coke brand strategy

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Coca-Cola’s key good-at is “refreshment.” There are few, few things better than a cold Coke on a warm day after a workout.  And when the consumer care-about is refreshment, a great product choice is Coke. Remember, brand strategy is about good-ats and care-abouts. 

Refreshment, rather than, longtime advertising attribute “happiness,” is an experiential, product-based proof. It’s a product reality. Coke’s current advertising tagline (brand line) is “Taste The Feeling.” An amalgam of cheerleading and emotion.   It is not a product based care-about or good-at. It’s advertising based.

Don’t get me wrong, I love advertising. Dave Trott teaches me the way to do it well it to connect. But connecting with the art is not the same as connecting with the product. Of course it’s harder to create compelling stories and poetry around products – but that’s the job.    

Brand planners need to focus the work on product-based care-abouts and good-ats. Coke should know better.



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coke taste the feeling

Coke, at the behest of new CMO Marcos de Quinto, has jettisoned “Open Happiness.” It’s a move I applaud. What’s The Idea? readers familiar with my battle cry “Campaigns come and go…a powerful brand idea is indelible” have heard me say ad nauseam that “happiness” is not an endemic, ownable brand idea.

Mr. de Quinto’s new marketing strategy is quite good. Much of his justification for the new campaign is smart. Read the Ad Age story here. The “One Coke” strategy is brilliant in fact. “Sell Cokes not Coke.” Lots of good rationale. Where he goes off track is when it comes to advertising — as is often the case. He bought great advertising. His anthem spot gives one goosebumps; it’s what great anthem ads do. Problem is, it’s “Open Happiness” all over again. This time the line is “Taste The Feeling.” Sure we get a little product feature in there, but taste, even as a verb, is a generic descriptor. And Coke isn’t the best tasting soft drink anyway.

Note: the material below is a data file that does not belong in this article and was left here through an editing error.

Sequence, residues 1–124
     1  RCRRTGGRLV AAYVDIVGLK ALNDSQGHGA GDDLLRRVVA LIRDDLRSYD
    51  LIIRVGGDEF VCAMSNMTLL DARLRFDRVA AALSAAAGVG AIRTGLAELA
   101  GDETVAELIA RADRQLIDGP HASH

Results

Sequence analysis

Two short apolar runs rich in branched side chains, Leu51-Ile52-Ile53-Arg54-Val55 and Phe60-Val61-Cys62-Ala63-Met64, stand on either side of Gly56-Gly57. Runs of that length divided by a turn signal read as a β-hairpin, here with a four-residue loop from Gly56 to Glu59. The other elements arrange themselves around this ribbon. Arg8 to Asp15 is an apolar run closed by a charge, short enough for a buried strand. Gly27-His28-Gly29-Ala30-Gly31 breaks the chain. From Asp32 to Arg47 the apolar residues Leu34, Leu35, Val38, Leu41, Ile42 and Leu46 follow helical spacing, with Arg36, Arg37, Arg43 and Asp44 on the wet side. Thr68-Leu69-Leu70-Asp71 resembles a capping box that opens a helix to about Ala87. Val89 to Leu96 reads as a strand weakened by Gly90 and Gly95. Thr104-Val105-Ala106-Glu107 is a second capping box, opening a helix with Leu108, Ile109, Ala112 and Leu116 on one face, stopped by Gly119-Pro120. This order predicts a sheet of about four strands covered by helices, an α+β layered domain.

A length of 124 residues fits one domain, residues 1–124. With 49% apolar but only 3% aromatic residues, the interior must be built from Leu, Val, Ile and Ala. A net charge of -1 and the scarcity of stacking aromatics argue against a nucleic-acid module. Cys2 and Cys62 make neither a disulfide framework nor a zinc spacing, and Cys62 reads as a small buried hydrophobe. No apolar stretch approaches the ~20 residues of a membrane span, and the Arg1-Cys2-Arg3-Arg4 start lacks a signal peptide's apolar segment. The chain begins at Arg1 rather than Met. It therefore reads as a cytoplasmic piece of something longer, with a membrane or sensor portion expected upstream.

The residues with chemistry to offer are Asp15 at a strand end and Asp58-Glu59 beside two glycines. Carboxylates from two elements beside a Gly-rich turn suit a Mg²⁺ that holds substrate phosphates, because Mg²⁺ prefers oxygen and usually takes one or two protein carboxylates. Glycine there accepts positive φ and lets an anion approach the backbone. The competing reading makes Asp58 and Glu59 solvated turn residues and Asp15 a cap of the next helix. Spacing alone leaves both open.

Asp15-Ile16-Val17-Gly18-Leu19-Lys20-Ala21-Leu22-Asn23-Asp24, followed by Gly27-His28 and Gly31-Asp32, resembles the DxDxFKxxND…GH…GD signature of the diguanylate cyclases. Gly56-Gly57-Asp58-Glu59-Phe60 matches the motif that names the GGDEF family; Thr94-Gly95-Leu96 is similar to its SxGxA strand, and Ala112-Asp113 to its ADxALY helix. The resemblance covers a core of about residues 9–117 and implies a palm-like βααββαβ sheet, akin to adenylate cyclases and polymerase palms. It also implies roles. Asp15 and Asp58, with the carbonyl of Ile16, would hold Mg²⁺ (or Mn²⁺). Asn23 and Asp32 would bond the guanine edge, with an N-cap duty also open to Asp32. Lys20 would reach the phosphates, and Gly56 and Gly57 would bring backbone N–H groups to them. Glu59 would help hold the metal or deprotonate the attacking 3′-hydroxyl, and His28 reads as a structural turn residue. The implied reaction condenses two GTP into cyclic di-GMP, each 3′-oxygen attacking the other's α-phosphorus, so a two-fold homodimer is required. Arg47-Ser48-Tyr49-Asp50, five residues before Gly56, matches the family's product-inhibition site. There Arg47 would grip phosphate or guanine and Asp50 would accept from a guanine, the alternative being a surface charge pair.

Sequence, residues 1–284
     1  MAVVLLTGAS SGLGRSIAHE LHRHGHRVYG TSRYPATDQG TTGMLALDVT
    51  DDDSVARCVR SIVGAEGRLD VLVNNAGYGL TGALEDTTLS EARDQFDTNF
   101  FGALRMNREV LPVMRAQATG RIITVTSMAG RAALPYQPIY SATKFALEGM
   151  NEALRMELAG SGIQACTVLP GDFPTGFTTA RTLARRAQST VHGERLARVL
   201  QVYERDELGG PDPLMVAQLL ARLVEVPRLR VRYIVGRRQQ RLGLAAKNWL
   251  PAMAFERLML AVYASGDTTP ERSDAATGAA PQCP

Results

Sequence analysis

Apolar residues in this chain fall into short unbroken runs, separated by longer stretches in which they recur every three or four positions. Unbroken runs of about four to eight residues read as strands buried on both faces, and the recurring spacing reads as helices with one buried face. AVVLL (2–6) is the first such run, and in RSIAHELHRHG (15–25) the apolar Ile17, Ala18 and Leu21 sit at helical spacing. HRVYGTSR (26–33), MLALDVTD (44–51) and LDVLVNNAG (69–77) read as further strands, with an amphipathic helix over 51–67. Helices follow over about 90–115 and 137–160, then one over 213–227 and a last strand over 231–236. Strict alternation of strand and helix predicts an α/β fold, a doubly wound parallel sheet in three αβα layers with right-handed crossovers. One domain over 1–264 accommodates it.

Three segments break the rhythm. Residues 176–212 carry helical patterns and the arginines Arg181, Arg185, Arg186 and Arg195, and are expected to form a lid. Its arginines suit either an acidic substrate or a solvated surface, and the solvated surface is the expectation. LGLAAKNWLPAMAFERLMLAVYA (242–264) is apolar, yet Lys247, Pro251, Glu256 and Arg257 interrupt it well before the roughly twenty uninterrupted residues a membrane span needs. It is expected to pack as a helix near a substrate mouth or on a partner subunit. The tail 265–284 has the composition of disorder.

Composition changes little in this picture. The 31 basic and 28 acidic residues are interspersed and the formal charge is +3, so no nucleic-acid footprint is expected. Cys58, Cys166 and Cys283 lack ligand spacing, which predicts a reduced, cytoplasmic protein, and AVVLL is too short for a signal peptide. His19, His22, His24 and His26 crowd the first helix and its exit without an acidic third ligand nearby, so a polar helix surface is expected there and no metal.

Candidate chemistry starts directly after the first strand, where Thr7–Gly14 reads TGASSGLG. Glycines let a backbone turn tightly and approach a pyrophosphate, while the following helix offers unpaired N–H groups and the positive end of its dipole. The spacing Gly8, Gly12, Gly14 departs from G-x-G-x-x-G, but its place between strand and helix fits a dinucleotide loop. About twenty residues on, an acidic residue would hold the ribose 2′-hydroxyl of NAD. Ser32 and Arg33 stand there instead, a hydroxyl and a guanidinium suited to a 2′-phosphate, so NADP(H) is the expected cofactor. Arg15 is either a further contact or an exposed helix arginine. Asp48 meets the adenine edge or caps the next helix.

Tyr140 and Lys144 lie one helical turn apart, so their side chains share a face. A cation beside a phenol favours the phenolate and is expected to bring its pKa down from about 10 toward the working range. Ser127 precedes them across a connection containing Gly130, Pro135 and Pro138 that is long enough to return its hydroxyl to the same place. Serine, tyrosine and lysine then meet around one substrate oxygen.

The Coke brand strategy is and ever shall be “refreshment.” I could write great refreshment copy and place it over the anthem spot and sell more Cokes. The marketing framework for the new campaign is strong. The campaign is good ad craft, but it’s built upon the wrong idea.

Coke will have killer numbers this year, thanks to big ad spending and the Rio Summer Olympics – a huge showcase for the campaign. But Mr. de Quinto and his peeps will feel the stasis that comes from good ad craft and poor idea-craft in about a year and a half.

Speak to you then. Peace.

PS. Using 6 ad agencies is also a good accounting ploy, but bad for the idea.





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coke and bottle logo

I’d like to buy the world a Coke and keep it company” were the words Bill Backer scribbled on a napkin during an unscheduled stop in Ireland one morning. Those words eventually gave birth to one of the world’s most memorable TV commercials: Hilltop. In today’s NYT, Mr. Backer recounted the basic idea “to see Coke not as it was originally designed to be – a liquid refresher – but as a tiny bit of commonality between all peoples (angry travelers in an airport), a universally liked formula that would help keep them company for a few minutes.”

An equally powerful Coke commercial, remembered simply as “Mean Joe Greene,” sees an injured, tired, defeated and grumpy football player consoled by a little kid with a Coke. It does not play Mr. Backer’s “company” card. He doesn’t need company, he’s limping to the locker room.

The fact is, both of these spots have plots. Both use different strategies. What they share, whether solving the world’s ills or an individual’s is the need to refresh. The current iteration of Coke advertising, by Wieden+Kennedy, is the “happiness” campaign. It’s some really great work. But happiness is an outcome of refreshment. Coca-Cola is not pot. It’s not Xanax.

Coke ad strategies have changed over time according to its ad agents. According to its taglines. But the brand strategy remains the same: refreshment. There is no escaping it. Don’t reinvent it, embrace it.





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